Three days of strikes began on Britain's rail network on Tuesday, causing severe disruption to schedules
LONDON - Rush-hour commuters in the UK faced chaos on Tuesday as railway workers launched the network's biggest strike in more than three decades, forcing people to trek to work on foot, by bike, bus -- or simply not bother at all.
The RMT rail union argues the strikes are necessary as wages have failed to keep pace with UK inflation, which has hit a 40-year high and is on course to keep rising.
Last-ditch talks to avert the work stoppage broke down on Monday, meaning more than 50,000 RMT members will walk out for three days this week.
Train and London Underground stations, normally a sea of people for the morning rush, were deserted or even locked, with just a skeleton service running on many networks across the country.
Passengers were warned not to travel all week, with two more days of strike action scheduled for Thursday and Saturday wreaking havoc to schedules.
In London, cab firms reported a surge in demand, while main roads were packed with buses and cars, and cyclists weaving in between.
Long queues formed at bus stops on the outskirts of London shortly after 6:00 am, but many gave up as services carried on without stopping, already full.
At St Albans, a commuter town north of the capital, a local newsagent next to the station told AFP: "It's been quiet. People are working from home".
Scott, a 43-year-old bank worker who did not want to give his full name, was among the few commuters on the near deserted platform.
Rail union the RMT says the strikes over pay and conditions are the biggest on the network in 30 years
He said his commute on the 8:30 am train would be extended by about 25 minutes as he would have to walk from St Pancras station to his office.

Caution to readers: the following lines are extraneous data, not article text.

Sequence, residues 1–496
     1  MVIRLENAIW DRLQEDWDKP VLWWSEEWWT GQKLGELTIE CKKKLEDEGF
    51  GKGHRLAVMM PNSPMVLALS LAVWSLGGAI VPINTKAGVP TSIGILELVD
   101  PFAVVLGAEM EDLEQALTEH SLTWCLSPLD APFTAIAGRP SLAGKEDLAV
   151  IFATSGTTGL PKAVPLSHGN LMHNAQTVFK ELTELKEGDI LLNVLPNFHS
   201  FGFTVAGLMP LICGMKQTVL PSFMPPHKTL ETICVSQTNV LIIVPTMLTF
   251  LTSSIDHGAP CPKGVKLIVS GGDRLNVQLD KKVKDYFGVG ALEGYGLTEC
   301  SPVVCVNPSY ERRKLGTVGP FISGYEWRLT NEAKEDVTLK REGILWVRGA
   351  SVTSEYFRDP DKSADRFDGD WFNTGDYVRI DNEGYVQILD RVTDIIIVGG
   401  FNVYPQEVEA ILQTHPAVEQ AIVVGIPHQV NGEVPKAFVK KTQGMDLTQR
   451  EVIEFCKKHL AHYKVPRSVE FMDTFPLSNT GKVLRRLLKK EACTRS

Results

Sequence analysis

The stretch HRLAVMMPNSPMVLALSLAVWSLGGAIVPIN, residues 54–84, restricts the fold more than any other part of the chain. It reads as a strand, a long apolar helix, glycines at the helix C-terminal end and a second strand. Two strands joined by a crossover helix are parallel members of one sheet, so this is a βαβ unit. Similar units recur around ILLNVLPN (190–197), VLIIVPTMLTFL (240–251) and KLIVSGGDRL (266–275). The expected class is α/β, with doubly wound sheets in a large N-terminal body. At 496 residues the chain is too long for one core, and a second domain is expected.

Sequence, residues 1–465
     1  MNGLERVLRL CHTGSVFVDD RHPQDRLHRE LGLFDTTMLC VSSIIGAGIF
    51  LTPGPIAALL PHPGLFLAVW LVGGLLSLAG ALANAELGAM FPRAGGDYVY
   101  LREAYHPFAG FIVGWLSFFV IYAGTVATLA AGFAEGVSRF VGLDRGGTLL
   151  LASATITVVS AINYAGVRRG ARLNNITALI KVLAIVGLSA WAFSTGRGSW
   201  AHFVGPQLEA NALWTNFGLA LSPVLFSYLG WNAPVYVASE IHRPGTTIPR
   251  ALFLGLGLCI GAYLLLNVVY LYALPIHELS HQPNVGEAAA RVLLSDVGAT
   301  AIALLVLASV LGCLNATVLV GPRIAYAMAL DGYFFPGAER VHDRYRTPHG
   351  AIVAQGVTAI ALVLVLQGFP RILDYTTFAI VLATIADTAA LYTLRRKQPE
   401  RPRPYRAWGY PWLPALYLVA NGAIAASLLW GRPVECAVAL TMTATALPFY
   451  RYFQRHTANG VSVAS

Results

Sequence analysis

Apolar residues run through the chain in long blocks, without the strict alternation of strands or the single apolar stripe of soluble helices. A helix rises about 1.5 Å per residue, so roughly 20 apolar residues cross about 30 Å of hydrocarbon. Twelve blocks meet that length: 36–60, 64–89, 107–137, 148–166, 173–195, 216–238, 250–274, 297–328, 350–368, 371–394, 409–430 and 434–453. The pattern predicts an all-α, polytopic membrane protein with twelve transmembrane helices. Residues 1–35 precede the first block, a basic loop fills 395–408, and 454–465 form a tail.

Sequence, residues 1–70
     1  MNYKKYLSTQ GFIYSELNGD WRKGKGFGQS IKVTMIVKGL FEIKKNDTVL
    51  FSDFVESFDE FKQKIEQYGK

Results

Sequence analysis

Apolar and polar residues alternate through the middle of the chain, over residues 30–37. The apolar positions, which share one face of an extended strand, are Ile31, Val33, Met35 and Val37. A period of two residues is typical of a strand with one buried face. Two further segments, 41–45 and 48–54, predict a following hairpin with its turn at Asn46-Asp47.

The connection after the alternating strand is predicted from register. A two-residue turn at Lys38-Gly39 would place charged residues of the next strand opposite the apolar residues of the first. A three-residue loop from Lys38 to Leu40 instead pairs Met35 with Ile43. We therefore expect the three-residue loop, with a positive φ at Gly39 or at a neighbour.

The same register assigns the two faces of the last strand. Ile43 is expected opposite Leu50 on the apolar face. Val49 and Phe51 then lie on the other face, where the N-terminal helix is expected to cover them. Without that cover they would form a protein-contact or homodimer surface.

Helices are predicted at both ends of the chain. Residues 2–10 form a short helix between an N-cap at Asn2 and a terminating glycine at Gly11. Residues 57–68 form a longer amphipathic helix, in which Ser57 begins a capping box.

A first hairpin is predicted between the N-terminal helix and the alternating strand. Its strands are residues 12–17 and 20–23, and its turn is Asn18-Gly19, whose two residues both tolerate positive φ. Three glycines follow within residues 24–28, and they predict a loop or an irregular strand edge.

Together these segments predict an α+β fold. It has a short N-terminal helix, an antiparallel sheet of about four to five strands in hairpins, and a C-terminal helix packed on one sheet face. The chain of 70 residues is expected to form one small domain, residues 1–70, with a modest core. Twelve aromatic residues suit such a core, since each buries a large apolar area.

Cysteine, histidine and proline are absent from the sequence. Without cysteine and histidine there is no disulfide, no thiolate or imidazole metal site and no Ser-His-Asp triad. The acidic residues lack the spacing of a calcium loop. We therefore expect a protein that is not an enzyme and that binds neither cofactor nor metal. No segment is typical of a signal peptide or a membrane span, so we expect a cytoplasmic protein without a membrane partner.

But he said there were silver linings to the strike, which he supported: "I stand a better chance of getting a seat and it not being crazy."
'Stay the course'
Transport Secretary Grant Shapps said he "deplored" the strikes, which he said evoked the "bad old days of the 1970s".
"The people that are hurting are people who physically need to turn up for work, maybe on lower pay, perhaps the cleaners in hospitals," he told Sky News.
"I absolutely deplore what they're doing today and there is no excuse for taking people out on strike."
Prime Minister Boris Johnson, addressing his cabinet, urged "the union barons to sit down with Network Rail and the train companies" to thrash out a deal.
The country needed to "stay the course", defending reforms to the rail network as needed and in the public interest.
Rush hour commuters packed onto buses, walked, cycled or just stayed at home to try to avoid the delays
RMT general-secretary Mick Lynch has described as "unacceptable" offers of below-inflation pay rises by both overground train operators and London Underground that runs the Tube in the capital.
The walkouts risk causing significant disruption to major events including the Glastonbury music festival.
Schools are warning that thousands of teenagers taking national exams will also be affected.
The strikes are the biggest dispute on Britain's railway network since 1989, according to the RMT.
Rail operators, however, warn of disruption throughout the week.
Only about 20 percent of services are running during the walkouts while lines not affected by strike action still having to reduce services.
RMT members on the London Underground are additionally staging a 24-hour Tube train stoppage Tuesday.
Teachers, lawyers, NHS
RMT workers on the London Underground have also staged a 24-hour stoppage on Tuesday
Countries around the world are being hit by decades-high inflation as the Ukraine war and the easing of Covid restrictions fuel energy and food price hikes.
Unions warn also that railway jobs are at risk, with passenger traffic yet to fully recover after the lifting of coronavirus pandemic lockdowns.
The strikes are compounding wider travel chaos after airlines were forced to cut flights owing to staff shortages, causing long delays and frustration for passengers.
Thousands of workers were sacked in the aviation industry during the pandemic but the sector is now struggling to recruit workers as travel demand rebounds following the lifting of lockdowns.
Other areas of the public sector are set to hold strikes.
The Criminal Bar Association, representing senior lawyers in England and Wales, have voted to strike from next week in a row over legal aid funding.
Teaching staff and workers in the state-run National Health Service are reportedly also mulling strike action.
And several other transport unions are balloting members over possible stoppages that could occur in the coming weeks.